Interest rate decisions dominate this week

• We do not expect any interest rate surprises this week: the BoE is set to keep Bank rate at 5.5% on Thursday, the ECB will raise interest rates to 4% on Wednesday and the RBA should keep the cash rate at 6.25%. The most confident call is that of a hike from the ECB.

• We expect the Bank of England to keep Bank rate at 5.5% this week, even if the decision to do so may not be unanimous. However, the fact that it is likely that at least one member of the MPC may vote for a successive monthly hike means there is still a small chance of a surprise. A stronger than expected services PMI on Tuesday could raise market tensions ahead of the decision on Thursday.

• In a change to the norm, the ECB interest rate decision is due on Wednesday this week. Interest rates are expected to rise to 4%, as signalled clearly at last month's press conference. The focus will then turn to the press conference and ECB president Trichet's comments, with continuing robust data making the prospect of further monetary tightening later in the year increasingly likely. Data this week should continue to reflect solid growth, with another strong set of services PMIs expected and a further rise in EU-13 retail sales, following on from a robust German retail report last week.

• The Reserve bank of Australia is expected to keep interest rates steady at 6.25% for a sixth straight meeting early on Wednesday. But solid growth suggests pressure for a rise may build.

• US data this week are likely to add to a run of data confirming our view that interest rates will stay on hold all year. The non-manufacturing ISM should show continued expansion in May and the trade deficit may have narrowed slightly in April after a surprisingly sharp rise in March.

This week is too soon for the Bank of England (BoE) to continue on its current tightening cycle, although recent data have slightly raised the chances of a hike to 5.75% sometime in the coming months. Survey reports of companies raising or intending to raise prices last week will resonate with the concerns highlighted by the MPC in the minutes of the May meeting and the Q2 Inflation Report. However, other data, such as continuing subdued earnings growth and signs of a softening in housing market activity, may help to temper some of their fears.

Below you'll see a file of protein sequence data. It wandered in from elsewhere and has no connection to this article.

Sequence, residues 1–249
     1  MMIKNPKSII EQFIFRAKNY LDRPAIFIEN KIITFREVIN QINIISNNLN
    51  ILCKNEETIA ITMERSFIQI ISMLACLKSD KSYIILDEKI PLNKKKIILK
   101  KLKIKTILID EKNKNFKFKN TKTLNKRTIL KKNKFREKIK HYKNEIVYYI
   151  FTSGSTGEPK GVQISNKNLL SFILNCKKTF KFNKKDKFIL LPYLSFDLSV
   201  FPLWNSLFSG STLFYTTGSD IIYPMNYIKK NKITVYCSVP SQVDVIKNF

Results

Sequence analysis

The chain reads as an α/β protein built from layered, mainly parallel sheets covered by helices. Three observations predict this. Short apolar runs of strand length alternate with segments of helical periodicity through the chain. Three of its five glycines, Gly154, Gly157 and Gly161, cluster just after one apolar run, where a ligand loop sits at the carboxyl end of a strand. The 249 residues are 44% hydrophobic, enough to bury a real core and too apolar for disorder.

The fact that a 0.5% rate hike was considered at the May MPC meeting suggests that unless economic growth shows clear signs of slowing or inflation falls rapidly in the months' ahead, base rates will rise in a few months. The main argument against a hike this week is that the MPC only last month raised interest rates to 5.5% - a six-year high – and the fourth increase since August 2006. The minutes of the May meeting showed that some members were already concerned about the downside risks posed to growth and inflation of any excessive movement in rates and others felt that given the large degree of uncertainty around both the outlook for inflation and the impact of interest rate changes, it was better to move cautiously. Indeed, one of the main reasons for not raising interest rates by 0.5% last month was that the committee felt that they had to be confident about the need for another rise soon, suggesting that another hike in June was not on their agenda. Nevertheless, the MPC has surprised the financial markets before and, given that it is unlikely that the vote will be unanimous in any direction, it would be foolish to ignore the small risk of a possible hike this week. The services PMI, on Tuesday, could raise tensions ahead of the decision, if it comes in much better than expectations. Anecdotal evidence suggests activity remains buoyant and a strong rise would not be a major surprise.

The ECB will raise interest rates to 4% this week, in line with the 'coded' message from president Trichet last month. Although data have remained robust and financial market expectations of a further hike have increased, president Trichet is likely to remain coy about the prospects for rates later in the year. We remain of the view that interest rates will rise once more this year, in the final quarter, ending the year at 4.25%. Data this week should support this outlook, with services PMIs expected to show buoyant activity in May. After the surprise 2.8% jump in German retail sales last week, EU-13 retail sales are likely to have risen in May.

It is a relatively quiet week for market-moving data from the US. The non-manufacturing ISM, on Tuesday, should hold close to 56, the level reached in April. The prices paid index will also attract attention. The trade data for April are published on Friday and are likely to influence where financial markets close the week. A modest narrowing is forecast, to $62.5bn from $63.9bn in March, on lower imports.
Jeavon Lolay, Senior Economist

Economic Research,
Lloyds TSB Corporate
10 Gresham Street,
London EC2V 7AE,
0207 626 - 1500